September 14, 2008

Busy with Beetles: Collections and Hypotheses

I haven't had much free time since returning from Florida, hence the lack of updates here. My schedule this semester is rather packed. For instance, on Thursdays I have two hours of open time between 10 AM and 9 PM which I will be using to eat. It will all work out, but it will also take a couple of weeks for me to get settled into this new calendar. As it stands right now, though, I haven't even had the chance to edit my photos from the trip.

I have, however, finished identifying the beetle specimens to the extent I've been able without molecular work. It's not a bad collection for under a week's time, and a couple of the species are of particular interest for reasons I'll mention below.

Megalodacne heros is without doubt the most visually spectacular of the bunch. It's one of the largest (if not the largest) of the Erotylidae and quite a colorful insect. I collected four specimens from the pore surface of Ganoderma applanatum, which is not nearly so common in Florida as it is in cooler climates. In Florida, it seems to be replaced by species in the Ganoderma lucidum complex. I didn't find M. heros on any other fungi, including the numerous G. applanatum specimens I saw in the field. That might be chance, of course.

A teneb mimic of M. heros, Platydema ellipticus, was also collected from the pore surface of Phellinus gilvus. While this beetle is substantially smaller than Megalodacne, it has what I suspect is aposematic coloration. That is to say, natural selection has favored individuals with markings similar to the larger and more toxic erotylid in this particular teneb. Five specimens of this insect came back with me.

Platydema nigratum is a close relative of the above. It doesn't have much going for it in terms of coloration, but this is an exciting find for me for two reasons. First, the habitat of this beetle is uncertain. I can say definitively that I collected it from between fruiting bodies of Stereum ostrea, and I watched one specimen chewing on that fungus. I have no doubt at all that it is a fungivore and macrophagous at that. Second, the larva of this species isn't described in the literature. I recovered a specimen of what I believe will turn out to be a larval P. nigratum from within the fleshy base of a relatively large S. ostrea sporophore. Once I've sequenced both adult and larva I should be able to connect the two definitively.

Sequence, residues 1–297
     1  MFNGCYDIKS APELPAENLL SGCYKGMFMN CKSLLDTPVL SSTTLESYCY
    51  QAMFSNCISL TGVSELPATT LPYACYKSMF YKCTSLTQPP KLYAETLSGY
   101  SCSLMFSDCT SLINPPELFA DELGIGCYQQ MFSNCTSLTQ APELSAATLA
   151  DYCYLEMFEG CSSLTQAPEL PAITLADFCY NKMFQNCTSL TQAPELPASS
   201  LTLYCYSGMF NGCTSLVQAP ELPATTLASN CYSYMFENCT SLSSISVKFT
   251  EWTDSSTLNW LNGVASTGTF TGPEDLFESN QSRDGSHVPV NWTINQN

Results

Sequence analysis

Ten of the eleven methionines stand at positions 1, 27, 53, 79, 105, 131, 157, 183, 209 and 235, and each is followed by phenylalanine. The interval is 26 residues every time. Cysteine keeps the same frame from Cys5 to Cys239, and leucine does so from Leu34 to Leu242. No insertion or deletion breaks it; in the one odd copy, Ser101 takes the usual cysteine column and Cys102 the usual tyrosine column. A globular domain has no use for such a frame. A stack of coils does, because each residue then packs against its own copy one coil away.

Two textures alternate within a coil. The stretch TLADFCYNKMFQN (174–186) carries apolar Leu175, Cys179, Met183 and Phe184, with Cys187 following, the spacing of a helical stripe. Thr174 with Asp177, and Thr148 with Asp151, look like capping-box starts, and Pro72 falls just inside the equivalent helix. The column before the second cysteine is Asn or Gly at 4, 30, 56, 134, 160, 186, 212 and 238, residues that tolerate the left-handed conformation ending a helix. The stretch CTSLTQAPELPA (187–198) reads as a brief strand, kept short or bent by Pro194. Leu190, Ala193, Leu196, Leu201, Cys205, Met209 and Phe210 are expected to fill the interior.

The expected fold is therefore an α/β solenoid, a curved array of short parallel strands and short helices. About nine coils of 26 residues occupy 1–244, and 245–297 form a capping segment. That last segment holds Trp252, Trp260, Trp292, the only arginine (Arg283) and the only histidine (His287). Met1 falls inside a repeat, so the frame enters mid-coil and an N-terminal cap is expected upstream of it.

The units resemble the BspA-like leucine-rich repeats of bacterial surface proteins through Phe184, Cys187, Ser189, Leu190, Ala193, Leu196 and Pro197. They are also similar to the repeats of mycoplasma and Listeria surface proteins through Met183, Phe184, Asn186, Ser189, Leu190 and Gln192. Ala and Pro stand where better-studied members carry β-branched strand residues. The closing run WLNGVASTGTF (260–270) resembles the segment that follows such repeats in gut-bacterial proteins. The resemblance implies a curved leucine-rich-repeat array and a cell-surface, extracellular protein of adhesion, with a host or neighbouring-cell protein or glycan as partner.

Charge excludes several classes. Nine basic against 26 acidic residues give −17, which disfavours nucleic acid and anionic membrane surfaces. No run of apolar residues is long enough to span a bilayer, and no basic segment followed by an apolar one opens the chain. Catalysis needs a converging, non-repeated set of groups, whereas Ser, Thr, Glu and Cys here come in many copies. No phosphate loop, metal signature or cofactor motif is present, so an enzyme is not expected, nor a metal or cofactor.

I collected numerous specimens of Neomida bicornis from two fungi. I first found them inside the same G. applanatum sporophores that had Megalodacne on their surface. I found specimens again several days later living in the context of Trametes elegans, a particularly fleshy member of the same genus that contains the ubiquitous turkey tail, T. versicolor. An interesting thing happened when I collected N. bicornis from that fungus that I wish I had noticed in the field. When I first started collecting, I found six specimens and put them in a microtube. Then I noticed additional galleries and collected fourteen more specimens in a second tube. When I brought them all back to the lab, it turned out that all six specimens in the first tube were male and all fourteen in the second were female. The probability of this happening purely by chance is so small that it suggests to me that males and females were segregated for some reason at the moment that I found the insects. I know nothing about the behavior of N. bicornis; I doubt that anyone has really investigated it. Also, it's worth noting that the specimens from Florida are very, very different from what's called N. bicornis in New England, which I've collected from Pycnoporus cinnibarinus at Wachusett. The Floridian specimens have an orange prothorax and males have straight horns. The New England version is dark metallic green and the male's horns are slightly curved. There's a chance, I think, that the two are really two different species and, indeed, I don't find any sequences for Neomida in EntrezGene other than one for a basidiomycete yeast from its gut discovered by Suh and Blackwell. I'm looking forward to pulling sequences from the northern and southern "morphs." If they do turn out to be two different species, I think I get to name one of them. The two insects look so different that I find it hard to believe they could be the same species.